Ah, the noisy times on the original Big Readers board! I do think it is great that this offspring of the original is still going; strong we hope, if quiet. Of course, I haven't helped much to keep things flowing nicely.

I do recall that my free-flowing post history in the good old Beeb days was founded on the principle of being mostly very silly. In exceptional circumstances, I would mention a book.
Evie

Perhaps we need more silliness!
Ann

Evie I second that as I do like some silliness in life. I've just added a fairly silly post to Gareth's comment about Kenneth Williams' letters.
I am always pleased to add to the gaity of nations
mike js

Well, I shall try to be a bit more acitve, and not very sensible!
county_lady

mike js wrote:
Well, I shall try to be a bit more acitve, and not very sensible!


Very Happy
Caro

Hi Joe,

You wrote that you were waiting for someone to show the same enthusiasm for Patrick O'Brian that you have.  I hope Himadri will forgive me for stealing a quote from him over on his blog to cheer you up.  He wrote (among a lot more, condemning The Shadow of the Wind):  

Quote:
Just read any page of George Macdonald Fraser, say, or of Patrick O’Brian to confirm that aiming for a popular market need not necessitate such characterless writing.


That shows some enthusiasm, I think.  Maybe not as much as yours, but people never seem to quite feel the same about some writers as I do; it goes with the territory.

Cheers, Caro.
TheRejectAmidHair

To be fair, I haven't yet read a Patrick O'Brian novel, but a friend of mine is a big fan, and is constantly recommending them to me. I've read several extracts, and, just as it is possible to identify a crap writer from just a few passages, so it's possible also to identify a good one. Patrick O 'Brian was obviously a very fine writer - and that is apparent even from a few passages.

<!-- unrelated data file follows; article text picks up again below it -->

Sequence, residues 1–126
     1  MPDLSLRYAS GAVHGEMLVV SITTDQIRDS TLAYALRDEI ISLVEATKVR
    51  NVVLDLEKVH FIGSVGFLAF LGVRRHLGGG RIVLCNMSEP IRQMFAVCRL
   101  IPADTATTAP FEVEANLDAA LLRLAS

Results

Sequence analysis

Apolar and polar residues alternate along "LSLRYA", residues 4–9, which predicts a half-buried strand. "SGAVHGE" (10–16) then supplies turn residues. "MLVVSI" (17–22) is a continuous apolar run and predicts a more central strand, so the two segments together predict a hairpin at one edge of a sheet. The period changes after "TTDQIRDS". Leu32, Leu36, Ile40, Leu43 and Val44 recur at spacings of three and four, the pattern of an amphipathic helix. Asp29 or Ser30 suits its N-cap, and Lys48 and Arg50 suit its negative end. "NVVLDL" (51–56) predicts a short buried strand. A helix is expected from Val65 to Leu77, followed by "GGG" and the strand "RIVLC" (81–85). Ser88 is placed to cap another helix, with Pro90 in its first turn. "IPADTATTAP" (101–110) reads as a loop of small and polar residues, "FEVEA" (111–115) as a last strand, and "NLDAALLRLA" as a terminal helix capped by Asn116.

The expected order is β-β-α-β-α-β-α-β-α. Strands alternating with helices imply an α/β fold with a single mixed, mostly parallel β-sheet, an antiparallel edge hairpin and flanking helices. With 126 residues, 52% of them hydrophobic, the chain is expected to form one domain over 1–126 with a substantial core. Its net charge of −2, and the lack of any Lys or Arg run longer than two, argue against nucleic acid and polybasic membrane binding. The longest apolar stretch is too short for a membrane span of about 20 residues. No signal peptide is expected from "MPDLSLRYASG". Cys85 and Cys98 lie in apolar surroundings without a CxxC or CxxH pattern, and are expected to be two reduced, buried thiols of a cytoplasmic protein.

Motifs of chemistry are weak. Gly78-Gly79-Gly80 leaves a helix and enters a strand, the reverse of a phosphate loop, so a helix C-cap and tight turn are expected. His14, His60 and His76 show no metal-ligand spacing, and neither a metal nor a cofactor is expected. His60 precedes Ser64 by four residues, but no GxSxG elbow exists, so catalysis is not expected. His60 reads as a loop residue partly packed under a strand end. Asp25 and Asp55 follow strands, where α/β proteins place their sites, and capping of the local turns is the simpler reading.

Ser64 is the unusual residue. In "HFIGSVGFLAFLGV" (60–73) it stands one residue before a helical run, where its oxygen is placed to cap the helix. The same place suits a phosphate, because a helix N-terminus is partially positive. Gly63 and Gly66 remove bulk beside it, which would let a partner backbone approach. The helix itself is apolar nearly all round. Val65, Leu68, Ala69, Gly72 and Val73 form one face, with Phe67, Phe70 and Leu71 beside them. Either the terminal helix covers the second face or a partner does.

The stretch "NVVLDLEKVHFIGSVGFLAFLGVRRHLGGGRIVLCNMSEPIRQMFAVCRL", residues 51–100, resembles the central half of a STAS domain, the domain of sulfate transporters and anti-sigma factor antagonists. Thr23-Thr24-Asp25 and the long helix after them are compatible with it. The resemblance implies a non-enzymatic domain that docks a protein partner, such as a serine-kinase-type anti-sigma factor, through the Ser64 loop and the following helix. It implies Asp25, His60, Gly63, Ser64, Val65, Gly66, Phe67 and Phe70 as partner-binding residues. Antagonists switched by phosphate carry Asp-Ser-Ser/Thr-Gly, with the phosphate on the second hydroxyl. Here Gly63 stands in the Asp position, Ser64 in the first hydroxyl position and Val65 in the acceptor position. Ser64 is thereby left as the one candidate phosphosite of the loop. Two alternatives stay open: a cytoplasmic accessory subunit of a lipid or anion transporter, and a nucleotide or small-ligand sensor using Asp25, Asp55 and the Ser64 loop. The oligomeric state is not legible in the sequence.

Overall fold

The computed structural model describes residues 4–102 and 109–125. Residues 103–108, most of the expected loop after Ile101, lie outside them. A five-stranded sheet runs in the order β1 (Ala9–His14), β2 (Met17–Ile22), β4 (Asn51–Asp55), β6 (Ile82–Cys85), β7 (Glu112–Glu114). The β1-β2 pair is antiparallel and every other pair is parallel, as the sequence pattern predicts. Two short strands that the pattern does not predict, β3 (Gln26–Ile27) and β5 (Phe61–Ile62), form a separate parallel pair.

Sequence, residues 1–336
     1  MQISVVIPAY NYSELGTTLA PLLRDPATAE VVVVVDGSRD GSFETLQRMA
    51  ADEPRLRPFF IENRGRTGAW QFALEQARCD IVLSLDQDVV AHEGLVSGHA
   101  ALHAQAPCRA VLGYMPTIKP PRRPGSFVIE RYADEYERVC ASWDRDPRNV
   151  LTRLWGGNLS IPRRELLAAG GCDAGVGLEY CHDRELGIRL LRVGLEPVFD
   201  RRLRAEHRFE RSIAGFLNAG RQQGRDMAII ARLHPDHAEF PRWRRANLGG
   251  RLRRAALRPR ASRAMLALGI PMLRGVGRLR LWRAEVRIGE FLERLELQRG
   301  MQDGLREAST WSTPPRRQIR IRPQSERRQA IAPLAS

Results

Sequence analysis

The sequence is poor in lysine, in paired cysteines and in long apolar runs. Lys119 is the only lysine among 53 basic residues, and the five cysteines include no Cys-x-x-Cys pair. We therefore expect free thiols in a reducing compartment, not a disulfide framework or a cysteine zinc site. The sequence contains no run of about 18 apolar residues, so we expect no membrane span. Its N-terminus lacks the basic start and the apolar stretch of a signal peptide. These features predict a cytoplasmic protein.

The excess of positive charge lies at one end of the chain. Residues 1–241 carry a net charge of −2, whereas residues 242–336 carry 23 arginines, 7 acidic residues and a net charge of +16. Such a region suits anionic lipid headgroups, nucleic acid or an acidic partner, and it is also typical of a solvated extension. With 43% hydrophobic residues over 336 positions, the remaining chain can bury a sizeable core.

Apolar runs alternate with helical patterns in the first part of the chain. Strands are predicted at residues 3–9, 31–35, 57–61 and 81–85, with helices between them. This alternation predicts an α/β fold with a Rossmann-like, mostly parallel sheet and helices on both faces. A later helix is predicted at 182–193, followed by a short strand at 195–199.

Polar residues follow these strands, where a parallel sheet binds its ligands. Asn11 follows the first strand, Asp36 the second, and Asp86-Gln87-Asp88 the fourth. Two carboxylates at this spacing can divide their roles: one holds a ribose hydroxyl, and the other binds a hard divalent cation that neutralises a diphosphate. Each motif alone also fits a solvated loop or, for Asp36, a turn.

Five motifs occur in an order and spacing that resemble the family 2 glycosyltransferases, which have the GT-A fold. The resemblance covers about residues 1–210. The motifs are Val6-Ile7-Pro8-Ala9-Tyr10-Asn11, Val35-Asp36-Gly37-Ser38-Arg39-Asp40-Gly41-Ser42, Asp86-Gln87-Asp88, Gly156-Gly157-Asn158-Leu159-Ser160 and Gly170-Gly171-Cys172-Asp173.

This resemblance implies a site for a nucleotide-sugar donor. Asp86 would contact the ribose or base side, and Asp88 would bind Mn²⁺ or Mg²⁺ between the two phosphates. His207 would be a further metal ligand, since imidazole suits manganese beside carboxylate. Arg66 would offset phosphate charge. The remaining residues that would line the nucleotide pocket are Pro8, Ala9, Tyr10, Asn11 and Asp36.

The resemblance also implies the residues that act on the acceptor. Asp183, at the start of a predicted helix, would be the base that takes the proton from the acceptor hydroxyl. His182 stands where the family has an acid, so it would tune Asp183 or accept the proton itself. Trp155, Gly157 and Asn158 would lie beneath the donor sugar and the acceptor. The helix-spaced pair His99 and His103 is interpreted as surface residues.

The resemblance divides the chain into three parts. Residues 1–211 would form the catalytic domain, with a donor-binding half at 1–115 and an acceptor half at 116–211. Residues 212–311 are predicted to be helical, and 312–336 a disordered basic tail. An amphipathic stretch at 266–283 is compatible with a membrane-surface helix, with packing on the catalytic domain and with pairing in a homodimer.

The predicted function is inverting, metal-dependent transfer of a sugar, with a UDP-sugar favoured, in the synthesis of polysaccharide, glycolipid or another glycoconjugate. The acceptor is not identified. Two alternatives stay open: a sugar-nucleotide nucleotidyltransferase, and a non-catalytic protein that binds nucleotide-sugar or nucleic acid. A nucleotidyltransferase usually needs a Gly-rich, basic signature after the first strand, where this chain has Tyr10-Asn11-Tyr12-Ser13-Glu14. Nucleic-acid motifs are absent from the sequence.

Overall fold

What does, I admit, annoy me is that there appear to be a great many people who really cannot put sentences together, and who yet appear to make a good living from writing. It's not a question of highbrow vs lowbrow: whatever the height of one's brow, a professional writer should be able to write well, and, to judge from my bookshop browsing sessions, there are many who can't.
Caro

But they're not writing for you, Himadri.  They're writing for people who do want to get through a book quickly, who want to read but not have their brain extended, who enjoy a story alone and not the writing that produced it, and who want nothing but entertainment.

The same as I listen to music in the car - even good light music is not really what I want; I want drivelly tuneful music to sing along to and not think about.  Jim Reeves will do fine, or The Mavericks, or Slim Whitman, or any number of people who sing ordinary country music or silly 60s hits.  (Not as silly as My Boy Lollipop, but as silly as Sylvia's Mother.)